We refer so often to a team that has “been there” that it has become cliché. And every once in a while, you get tangible evidence of what that experience is worth.
“There,” for the Vancouver Canucks, isn’t just a trip to the 2011 Stanley Cup final. It is their stature as a Western power for most of the past decade, having won the past four Northwest Division flags and six of the last eight.
And they’ll likely win another this season, though on the night of March 18 – when the Minnesota Wild rode through Rogers Arena and squarely beat the Canucks 3-1 – we weren’t so sure about these Canucks.
The score was 1-1 after 40 minutes, in a game between co-leaders of the Northwest. Then the Wild walked away with the third period, scoring twice and pushing the Canucks right out of the contest.
It was a statement game for the Wild, and on that night, it looked like two ships passing in opposite directions. Who knew then, that was exactly what it was?
Minnesota would somehow fade after that, and the Canucks took off. They’re five games away from another Division title, and another run at the elusive silver spittoon.
“We learned in 2011,” began assistant general manager Laurence Gilman, “it’s not always the best team that wins the Stanley Cup. It’s the team that’s playing the best at that time. Part of that is staying healthy, getting some breaks along the way, and having exceptional goaltending.”
When you have won as consistently as this team has, one tough loss doesn’t turn into four or five the way it does in some other towns. In fact, Vancouver won its next six straight, lost a couple, then took five of the next six. Tonight, the Canucks roll into Dallas with five games to play and a four-point bulge atop the Northwest, a Western power rounding nicely into form.
Watch Canucks vs. Stars on Sportsnet Pacific at 5:30 pm PT
So, what changed? We’ll give you 17 reasons.
“I can’t oversell the impact of having Ryan Kesler – a health Ryan Kesler – back,” Gilman said over the phone. “As much as our players have done a tremendous job, not having him in our lineup impacts our team on multiple levels.
“He’s the top second line centre in the league; he is the catalyst for the secondary scoring on our team. Without Ryan, teams have been able to key on the twins. And in addition to all of that, he’s a vital part of our powerplay, our penalty killing, and he can check the opposing teams’ top line.”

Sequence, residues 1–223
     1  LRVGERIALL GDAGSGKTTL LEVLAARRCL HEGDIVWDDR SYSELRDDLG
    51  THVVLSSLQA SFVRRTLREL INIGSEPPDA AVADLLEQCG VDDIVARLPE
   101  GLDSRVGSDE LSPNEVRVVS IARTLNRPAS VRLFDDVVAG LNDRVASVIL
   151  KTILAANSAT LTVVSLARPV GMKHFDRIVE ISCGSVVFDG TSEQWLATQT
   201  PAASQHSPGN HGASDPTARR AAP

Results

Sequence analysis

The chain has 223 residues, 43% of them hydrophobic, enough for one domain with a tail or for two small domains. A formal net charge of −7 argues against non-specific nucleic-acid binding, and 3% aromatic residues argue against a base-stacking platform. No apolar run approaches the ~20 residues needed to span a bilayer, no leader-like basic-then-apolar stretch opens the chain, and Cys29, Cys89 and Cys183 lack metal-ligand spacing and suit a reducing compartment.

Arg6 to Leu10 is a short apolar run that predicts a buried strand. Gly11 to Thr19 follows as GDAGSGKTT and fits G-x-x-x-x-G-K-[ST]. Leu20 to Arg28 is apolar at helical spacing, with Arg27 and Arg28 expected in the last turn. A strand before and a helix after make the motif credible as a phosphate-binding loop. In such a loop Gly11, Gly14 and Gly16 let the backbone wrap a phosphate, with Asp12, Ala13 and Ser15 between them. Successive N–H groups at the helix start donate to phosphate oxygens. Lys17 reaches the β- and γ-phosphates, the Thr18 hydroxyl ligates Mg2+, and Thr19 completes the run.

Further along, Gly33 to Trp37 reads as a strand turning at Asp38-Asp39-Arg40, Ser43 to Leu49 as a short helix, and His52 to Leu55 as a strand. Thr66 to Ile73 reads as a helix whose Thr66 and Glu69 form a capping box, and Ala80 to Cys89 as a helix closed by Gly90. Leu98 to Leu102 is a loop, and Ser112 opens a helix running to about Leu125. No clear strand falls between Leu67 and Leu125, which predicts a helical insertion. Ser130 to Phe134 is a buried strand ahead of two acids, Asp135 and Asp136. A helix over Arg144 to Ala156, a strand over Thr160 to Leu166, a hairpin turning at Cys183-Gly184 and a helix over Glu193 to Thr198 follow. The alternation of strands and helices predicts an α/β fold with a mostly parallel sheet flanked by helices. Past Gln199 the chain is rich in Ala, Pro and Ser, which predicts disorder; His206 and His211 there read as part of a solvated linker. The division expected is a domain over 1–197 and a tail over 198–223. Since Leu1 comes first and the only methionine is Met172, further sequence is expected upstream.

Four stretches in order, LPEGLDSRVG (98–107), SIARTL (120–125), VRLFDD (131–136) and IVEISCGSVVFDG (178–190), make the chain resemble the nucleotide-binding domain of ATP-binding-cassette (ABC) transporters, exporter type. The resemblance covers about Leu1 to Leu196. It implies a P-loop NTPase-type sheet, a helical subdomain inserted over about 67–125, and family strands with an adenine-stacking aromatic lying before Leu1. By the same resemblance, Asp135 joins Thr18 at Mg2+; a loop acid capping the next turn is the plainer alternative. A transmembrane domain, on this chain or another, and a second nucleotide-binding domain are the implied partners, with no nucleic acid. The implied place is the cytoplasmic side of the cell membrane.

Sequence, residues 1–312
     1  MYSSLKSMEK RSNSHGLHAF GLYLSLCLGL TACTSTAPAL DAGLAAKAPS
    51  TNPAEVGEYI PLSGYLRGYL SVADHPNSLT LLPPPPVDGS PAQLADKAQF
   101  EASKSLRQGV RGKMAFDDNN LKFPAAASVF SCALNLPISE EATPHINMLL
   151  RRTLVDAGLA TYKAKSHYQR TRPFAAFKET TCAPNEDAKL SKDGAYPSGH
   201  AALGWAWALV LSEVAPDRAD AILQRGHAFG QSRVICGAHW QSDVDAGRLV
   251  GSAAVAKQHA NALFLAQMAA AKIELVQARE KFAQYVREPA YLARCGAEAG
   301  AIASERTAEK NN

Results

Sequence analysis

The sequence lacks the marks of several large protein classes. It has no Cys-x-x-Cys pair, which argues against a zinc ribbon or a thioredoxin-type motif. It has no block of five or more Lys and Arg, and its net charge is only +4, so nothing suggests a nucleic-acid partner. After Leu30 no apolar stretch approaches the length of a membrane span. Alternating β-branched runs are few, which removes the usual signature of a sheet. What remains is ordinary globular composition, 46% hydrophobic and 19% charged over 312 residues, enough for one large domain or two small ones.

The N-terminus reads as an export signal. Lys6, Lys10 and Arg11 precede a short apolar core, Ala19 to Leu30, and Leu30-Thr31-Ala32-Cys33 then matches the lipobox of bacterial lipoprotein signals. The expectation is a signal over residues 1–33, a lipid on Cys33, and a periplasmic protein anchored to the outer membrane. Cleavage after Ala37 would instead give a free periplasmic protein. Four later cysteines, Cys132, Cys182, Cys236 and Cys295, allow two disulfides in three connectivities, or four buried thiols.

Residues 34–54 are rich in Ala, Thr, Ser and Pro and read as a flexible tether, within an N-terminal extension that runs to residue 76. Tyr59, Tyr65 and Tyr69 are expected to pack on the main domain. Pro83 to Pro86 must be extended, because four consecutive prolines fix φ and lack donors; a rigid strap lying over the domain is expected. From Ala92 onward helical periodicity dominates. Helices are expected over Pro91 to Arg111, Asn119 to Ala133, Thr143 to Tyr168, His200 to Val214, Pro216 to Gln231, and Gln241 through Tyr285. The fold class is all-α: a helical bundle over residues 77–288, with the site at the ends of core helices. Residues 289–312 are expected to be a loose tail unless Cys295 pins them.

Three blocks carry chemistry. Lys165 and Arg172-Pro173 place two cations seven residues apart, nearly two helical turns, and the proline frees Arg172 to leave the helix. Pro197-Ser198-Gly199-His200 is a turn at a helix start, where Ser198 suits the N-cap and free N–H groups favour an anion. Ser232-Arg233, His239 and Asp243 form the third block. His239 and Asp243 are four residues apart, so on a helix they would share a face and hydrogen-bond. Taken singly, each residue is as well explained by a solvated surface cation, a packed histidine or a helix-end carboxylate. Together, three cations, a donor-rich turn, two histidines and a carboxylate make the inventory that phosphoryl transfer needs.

So you could say that it is unfair to judge a Canucks team that doesn’t have Kesler in its lineup, as has been the case for all but 12 nights this season. Of course, the scary thing for Vancouver becomes what if he gets hurt again?
Even with Derek Roy coming in, the Canucks are one team with Kesler, and quite another without him.
It’s not like in goal, where if one goaltender goes down they have one in waiting who is arguably just as good.
And that brings us to the other wildcard – the goaltending.
Its primary purpose – stopping pucks, winning games – cannot be doubted. And despite the fact that we all predicted it would be distraction this season, Cory Schneider and Roberto Luongo have co-existed nicely.
What if one fails in the playoffs? Well, history tells us that the switch would be seamless, both in the level of drama and ability to win games.
Despite the fact you’d rather have value for Luongo in a top-six forward, in the end, there isn’t another team in the NHL that has backup goaltending like Vancouver does.
“This has been managed by Alain (head coach Vigneault) and our players, and most importantly by Cory and Roberto all year long,” praised Gilman. “We’ve got two exceptional goalies. Either one can play in any game in the playoffs and our team would know it has a great chance to win.
“At this point there is not a single bad element that comes from that situation.”
They’ll get Bieksa, Tanev and Higgins back from injury, and Vancouver will contend.
Are they a top echelon team out West? Well, they have been before it did not translate into a Stanley Cup.
Perhaps running with the pack will favour the Canucks this time around.